Who Actually Designed the Affordable Care Act?

Who Actually Designed the Affordable Care Act?

The Patient Protection and Affordable Care Act (ACA), passed in March 2010, has had a profound effect on health care delivery systems. It prohibits insurers from denying coverage to people with preexisting conditions and mandates spending certain percentages of premium dollars on actual medical care rather than advertising, overhead or bonuses for executives.

Why was the affordable care act designed?

The Affordable Care Act was intended to revolutionize the health insurance industry and lower its costs for those eligible, by expanding Medicaid eligibility, creating a Health Insurance Marketplace and prohibiting insurers from denying preexisting condition coverage; additionally it requires insurers to cover essential health benefits as part of coverage agreements, with premium tax credits and cost-sharing reductions to lower expenses of those who qualify.

The Affordable Care Act’s goal was to reduce health care costs while also giving consumers value for their premium dollars and protecting people from abusive insurance company practices. RAND research indicates that the ACA has made considerable strides toward fulfilling its intended purposes.

Reform of health care presents numerous obstacles that thwart its success, many stemming from market failures. For instance, shortages enable high-demand physicians like anesthesiologists to negotiate higher salaries while simultaneously siphoning away patients away from those with limited supply (primary care physicians for instance), thus hindering reform’s ability to increase efficiency and decrease prices.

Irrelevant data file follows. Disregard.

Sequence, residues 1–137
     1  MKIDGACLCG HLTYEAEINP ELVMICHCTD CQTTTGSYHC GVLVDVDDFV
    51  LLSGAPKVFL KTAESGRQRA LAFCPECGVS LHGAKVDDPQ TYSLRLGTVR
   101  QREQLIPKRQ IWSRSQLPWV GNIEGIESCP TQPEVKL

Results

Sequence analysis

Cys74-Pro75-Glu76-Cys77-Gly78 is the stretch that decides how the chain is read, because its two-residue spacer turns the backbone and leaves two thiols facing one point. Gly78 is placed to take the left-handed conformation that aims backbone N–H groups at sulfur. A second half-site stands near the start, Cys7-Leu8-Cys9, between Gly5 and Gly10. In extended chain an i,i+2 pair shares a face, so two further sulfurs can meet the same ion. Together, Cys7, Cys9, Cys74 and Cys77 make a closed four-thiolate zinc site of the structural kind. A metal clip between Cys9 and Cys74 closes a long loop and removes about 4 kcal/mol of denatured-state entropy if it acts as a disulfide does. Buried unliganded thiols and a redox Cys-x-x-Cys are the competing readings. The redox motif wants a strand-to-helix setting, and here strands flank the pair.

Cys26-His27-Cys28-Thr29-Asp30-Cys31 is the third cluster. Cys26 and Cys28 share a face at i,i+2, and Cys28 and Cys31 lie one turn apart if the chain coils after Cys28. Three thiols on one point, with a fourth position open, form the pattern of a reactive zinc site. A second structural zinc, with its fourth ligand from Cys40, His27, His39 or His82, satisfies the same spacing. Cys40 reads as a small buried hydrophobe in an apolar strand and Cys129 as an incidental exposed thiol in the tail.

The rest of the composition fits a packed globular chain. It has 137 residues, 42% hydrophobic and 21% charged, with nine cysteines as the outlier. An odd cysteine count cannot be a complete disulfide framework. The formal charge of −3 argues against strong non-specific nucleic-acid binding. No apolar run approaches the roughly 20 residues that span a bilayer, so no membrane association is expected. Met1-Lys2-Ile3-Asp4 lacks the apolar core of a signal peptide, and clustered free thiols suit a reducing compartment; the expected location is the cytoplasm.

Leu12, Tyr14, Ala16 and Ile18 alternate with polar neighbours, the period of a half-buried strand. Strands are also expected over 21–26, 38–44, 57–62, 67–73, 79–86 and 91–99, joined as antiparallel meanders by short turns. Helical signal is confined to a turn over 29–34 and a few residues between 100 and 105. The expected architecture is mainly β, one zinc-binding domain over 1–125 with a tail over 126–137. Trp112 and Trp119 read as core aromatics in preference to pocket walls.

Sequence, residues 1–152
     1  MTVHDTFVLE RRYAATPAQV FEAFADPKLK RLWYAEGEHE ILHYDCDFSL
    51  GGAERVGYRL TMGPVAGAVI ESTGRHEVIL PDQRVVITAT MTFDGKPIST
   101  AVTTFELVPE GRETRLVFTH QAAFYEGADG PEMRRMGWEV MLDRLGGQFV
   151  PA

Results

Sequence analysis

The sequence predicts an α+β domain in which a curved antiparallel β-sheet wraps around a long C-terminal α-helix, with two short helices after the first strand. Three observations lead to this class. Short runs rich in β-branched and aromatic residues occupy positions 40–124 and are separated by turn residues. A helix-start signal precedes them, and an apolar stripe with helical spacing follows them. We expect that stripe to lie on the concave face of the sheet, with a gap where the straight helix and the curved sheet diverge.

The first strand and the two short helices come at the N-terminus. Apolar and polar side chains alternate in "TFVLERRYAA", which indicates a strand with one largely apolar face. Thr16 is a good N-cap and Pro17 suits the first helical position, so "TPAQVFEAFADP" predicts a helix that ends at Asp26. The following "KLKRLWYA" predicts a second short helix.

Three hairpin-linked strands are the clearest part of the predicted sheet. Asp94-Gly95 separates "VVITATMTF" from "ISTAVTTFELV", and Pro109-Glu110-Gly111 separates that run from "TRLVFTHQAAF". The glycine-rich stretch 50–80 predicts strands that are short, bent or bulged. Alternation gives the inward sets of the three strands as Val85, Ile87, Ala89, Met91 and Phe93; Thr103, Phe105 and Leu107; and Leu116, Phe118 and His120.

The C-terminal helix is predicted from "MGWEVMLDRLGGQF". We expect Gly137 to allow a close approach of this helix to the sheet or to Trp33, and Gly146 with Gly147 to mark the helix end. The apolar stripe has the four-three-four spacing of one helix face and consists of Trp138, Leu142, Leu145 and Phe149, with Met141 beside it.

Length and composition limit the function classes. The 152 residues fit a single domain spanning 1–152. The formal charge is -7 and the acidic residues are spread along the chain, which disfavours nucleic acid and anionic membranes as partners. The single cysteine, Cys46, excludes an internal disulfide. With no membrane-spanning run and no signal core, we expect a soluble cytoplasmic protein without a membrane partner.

What was the main goal of the affordable care act?

The Affordable Care Act — commonly known as Obamacare — sought to broaden access to health insurance by expanding Medicaid eligibility, creating the Health Insurance Marketplace, and prohibiting insurers from denying coverage due to preexisting conditions.

The Affordable Care Act strengthens the review process states must go through when an insurer proposes raising rates by 10 percent or more and requires them to spend 80 percent of your premium dollars on medical services and quality improvements, or give back some as rebates.

Other provisions in the ACA promote prevention and wellness, address medical errors, encourage evidence-based medicine practices and expand electronic records use. Furthermore, RAND researchers are studying these and other aspects of the law in order to ascertain its impact on coverage costs and quality.

What was the main impact of the affordable care act?

The Affordable Care Act’s major impacts include expanding insurance coverage for more people while improving health care financing and lowering costs. It includes new premium tax credits and cost-sharing reductions for lower-income Americans, expanded Medicaid eligibility, a ban on insurers denying coverage or raising prices for individuals with preexisting conditions, as well as prohibiting annual or lifetime coverage limits and mandating all plans cover essential health benefits.

Steven Brill’s book America’s Bitter Pill: Money, Politics, Backroom Deals and the Fight to Fix Our Broken Health Care System was reviewed in Missouri Medicine November/December 2015. In it he details how Obama’s brain trust capitulated to pressure from hospitals, insurance companies and drug manufacturers that dominate medical industry to pass ACA. Brill claims the bill’s purpose was to get millions insured before considering cost issues later; unfortunately this plan has failed miserably.

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About the Author: Raymond Donovan